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Tankmates - What Works and What Doesn't

DWhatley

Kraken
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I really like keeping the red brittle stars. Most of the brittles are pretty nocturnal and reclusive but the red (more of an orange) will occasionally come out during the day. Most can learn to be hand fed. Brittles are very resilient and I have kept a number of the red for several years through multiple octopuses. Any of the serpents or brittles on this page would be a good addition (NOT the basket or regular starfish and especially not the Bahama star) and I have successfully kept all but the Bahama from this supplier. Mushrooms (but not Ricordeas) tend to be hardy, give a little color and are octo safe. Small crabs are nice but will become octo dinner. It is easy enough to get attached to some of them (don't ask me about the 3 blue crabs I have raised that were supposed to be octo food :roll:).

I strongly recommend NOT adding fish as you grow the tank. Many people start with the very hardy damsels but they tend to pick on and stress octopuses (I am opposed to trying to keep octos with ANY fish) and are almost impossible to remove from a tank without totally tearing up the layout.
 

KD5054

Wonderpus
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Feb 22, 2017
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I really like keeping the red brittle stars. Most of the brittles are pretty nocturnal and reclusive but the red (more of an orange) will occasionally come out during the day. Most can learn to be hand fed. Brittles are very resilient and I have kept a number of the red for several years through multiple octopuses. Any of the serpents or brittles on this page would be a good addition (NOT the basket or regular starfish and especially not the Bahama star) and I have successfully kept all but the Bahama from this supplier. Mushrooms (but not Ricordeas) tend to be hardy, give a little color and are octo safe. Small crabs are nice but will become octo dinner. It is easy enough to get attached to some of them (don't ask me about the 3 blue crabs I have raised that were supposed to be octo food :roll:).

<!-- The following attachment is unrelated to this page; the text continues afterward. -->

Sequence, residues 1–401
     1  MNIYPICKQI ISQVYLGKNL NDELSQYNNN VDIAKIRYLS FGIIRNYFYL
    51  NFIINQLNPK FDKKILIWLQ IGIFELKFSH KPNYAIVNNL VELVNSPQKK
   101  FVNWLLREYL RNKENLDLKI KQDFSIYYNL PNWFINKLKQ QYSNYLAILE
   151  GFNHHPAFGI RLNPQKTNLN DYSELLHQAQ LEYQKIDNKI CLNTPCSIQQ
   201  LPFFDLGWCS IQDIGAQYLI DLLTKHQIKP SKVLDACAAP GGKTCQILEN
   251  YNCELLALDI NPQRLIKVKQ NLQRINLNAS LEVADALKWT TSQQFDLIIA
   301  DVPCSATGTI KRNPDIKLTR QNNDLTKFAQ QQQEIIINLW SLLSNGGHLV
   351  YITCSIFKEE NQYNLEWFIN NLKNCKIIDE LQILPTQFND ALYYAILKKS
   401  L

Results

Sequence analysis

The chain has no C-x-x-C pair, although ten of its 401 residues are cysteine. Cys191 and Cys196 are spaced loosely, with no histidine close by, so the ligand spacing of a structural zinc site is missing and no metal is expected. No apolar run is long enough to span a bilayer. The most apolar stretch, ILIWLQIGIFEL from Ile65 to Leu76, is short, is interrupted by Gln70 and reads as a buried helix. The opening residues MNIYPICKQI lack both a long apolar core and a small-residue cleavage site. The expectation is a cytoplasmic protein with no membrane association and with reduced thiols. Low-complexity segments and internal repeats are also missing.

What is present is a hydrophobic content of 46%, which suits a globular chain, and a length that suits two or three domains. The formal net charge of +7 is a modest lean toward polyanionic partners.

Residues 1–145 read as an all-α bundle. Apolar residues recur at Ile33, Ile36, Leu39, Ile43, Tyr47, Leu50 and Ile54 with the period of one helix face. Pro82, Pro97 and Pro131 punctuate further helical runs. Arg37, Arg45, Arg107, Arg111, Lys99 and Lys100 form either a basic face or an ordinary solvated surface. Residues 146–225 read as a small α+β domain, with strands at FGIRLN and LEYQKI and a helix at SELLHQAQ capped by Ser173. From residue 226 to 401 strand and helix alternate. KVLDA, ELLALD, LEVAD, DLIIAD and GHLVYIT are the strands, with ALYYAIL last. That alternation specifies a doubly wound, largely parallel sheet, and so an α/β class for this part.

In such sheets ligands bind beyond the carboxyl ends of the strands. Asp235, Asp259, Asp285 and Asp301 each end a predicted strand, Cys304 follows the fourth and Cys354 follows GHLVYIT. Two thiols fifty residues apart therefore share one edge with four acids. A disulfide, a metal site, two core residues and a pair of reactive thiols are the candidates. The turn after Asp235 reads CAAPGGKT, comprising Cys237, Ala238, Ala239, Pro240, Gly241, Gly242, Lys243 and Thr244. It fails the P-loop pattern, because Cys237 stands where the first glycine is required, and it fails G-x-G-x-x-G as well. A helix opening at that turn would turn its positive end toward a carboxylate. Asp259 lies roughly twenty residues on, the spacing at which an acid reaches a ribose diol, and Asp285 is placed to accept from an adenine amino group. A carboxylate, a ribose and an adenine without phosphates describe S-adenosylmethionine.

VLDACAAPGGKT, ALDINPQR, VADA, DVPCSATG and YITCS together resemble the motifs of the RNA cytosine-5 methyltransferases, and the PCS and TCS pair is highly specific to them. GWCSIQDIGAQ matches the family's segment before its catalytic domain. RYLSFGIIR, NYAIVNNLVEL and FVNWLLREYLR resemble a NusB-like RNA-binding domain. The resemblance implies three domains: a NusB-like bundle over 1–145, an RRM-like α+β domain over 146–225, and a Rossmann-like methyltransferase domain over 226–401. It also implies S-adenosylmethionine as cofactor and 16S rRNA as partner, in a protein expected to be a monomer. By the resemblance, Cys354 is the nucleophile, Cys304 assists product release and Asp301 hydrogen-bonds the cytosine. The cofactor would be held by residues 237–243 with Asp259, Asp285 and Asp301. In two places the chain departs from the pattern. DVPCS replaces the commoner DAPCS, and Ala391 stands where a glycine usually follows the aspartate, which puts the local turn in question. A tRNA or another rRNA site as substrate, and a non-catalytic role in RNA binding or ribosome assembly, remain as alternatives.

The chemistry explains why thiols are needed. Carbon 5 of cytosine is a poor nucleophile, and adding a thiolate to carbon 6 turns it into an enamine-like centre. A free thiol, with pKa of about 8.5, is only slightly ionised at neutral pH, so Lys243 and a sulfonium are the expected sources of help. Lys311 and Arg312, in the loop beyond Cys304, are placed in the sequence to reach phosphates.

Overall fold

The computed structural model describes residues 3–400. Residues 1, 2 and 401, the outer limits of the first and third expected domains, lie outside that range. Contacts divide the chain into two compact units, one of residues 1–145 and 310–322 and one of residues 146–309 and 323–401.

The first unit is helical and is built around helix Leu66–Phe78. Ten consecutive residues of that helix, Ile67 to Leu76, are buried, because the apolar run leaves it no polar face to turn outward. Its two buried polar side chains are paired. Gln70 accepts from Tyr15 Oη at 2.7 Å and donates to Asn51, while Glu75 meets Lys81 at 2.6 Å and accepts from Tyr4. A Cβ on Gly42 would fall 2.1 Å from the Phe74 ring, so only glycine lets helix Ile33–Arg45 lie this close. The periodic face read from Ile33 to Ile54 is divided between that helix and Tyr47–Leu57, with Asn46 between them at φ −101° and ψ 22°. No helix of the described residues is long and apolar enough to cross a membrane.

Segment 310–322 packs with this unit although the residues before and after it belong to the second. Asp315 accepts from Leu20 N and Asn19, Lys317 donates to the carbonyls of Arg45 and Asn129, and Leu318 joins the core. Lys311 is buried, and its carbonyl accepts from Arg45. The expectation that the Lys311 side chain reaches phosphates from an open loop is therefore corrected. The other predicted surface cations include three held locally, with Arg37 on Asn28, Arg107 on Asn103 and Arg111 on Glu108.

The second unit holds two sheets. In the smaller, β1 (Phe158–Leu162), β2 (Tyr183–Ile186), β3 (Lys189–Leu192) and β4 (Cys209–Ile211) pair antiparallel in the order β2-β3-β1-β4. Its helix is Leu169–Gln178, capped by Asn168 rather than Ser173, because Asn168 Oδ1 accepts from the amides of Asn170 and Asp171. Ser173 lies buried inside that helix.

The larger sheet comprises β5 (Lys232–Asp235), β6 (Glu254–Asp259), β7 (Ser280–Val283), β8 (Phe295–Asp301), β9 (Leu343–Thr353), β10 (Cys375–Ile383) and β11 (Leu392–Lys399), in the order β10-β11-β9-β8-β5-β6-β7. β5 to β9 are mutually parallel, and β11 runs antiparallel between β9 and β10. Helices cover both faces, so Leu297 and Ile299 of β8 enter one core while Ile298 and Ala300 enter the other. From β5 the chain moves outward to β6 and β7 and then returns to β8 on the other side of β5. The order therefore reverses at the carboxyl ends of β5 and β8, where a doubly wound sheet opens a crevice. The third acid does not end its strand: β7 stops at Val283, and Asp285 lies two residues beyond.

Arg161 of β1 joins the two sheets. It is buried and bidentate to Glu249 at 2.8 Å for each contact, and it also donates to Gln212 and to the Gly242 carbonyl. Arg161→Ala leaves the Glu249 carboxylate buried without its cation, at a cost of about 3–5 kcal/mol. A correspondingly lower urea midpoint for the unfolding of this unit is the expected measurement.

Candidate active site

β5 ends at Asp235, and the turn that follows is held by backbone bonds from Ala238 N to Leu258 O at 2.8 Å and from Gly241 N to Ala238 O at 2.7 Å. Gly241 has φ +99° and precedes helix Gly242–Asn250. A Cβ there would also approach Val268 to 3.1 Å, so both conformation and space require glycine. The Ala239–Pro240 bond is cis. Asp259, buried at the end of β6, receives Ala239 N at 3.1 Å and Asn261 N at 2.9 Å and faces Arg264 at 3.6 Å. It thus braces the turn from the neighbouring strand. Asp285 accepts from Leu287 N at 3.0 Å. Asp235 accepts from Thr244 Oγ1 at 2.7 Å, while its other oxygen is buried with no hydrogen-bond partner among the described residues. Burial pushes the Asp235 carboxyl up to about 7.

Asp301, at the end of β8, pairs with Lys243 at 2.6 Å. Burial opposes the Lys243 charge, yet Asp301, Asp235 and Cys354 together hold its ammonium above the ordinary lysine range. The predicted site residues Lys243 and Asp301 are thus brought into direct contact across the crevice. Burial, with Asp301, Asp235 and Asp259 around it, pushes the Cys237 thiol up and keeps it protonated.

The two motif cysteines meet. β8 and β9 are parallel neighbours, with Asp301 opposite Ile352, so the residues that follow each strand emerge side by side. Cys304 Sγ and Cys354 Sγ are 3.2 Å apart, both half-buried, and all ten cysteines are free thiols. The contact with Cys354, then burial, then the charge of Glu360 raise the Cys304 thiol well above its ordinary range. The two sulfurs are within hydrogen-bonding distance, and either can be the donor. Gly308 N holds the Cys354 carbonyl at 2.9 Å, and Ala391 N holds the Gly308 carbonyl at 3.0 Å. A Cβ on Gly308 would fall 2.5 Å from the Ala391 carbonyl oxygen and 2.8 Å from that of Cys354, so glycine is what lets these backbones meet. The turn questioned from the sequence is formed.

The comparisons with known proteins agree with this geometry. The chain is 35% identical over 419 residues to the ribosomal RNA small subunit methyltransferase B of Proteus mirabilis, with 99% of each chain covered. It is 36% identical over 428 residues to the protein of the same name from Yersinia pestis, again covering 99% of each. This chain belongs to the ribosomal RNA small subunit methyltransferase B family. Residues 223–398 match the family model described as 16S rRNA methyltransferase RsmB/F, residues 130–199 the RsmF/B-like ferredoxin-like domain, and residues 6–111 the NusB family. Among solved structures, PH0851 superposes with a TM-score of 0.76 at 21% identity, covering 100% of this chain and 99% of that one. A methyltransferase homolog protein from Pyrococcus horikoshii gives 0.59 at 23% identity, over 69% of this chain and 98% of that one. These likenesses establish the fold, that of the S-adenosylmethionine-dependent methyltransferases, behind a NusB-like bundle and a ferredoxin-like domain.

I strongly recommend NOT adding fish as you grow the tank. Many people start with the very hardy damsels but they tend to pick on and stress octopuses (I am opposed to trying to keep octos with ANY fish) and are almost impossible to remove from a tank without totally tearing up the layout.
This is great! I'm excited to learn I can keep a starfish with them and the mushrooms will be great for color.
I don't have my tank yet but plan to start that step come late April. (I'm working on the education side first for a bit as with winter weather its too hard to do much until spring comes) I plan to do the proper letting it sit with live rock and water for 3 months I believe the recommended time was. Then to add a few critters- basically the starfish and hopefully mushrooms and a few crabs. Would you recommend anything else or will that be enough for the next step in learning- IE the hands on learning to read and maintain the tank. Wanting to do this right.
Glad you pointed out the fish issue of trying to catch them as my saltwater store was saying to use fish. I was wondering over the catching aspect of being troublesome. Went through it once with a surprise Bristlenose pleco who snuck into my freshwater tank on a large driftwood piece and started breeding with my male. Catching the buggers was a pain.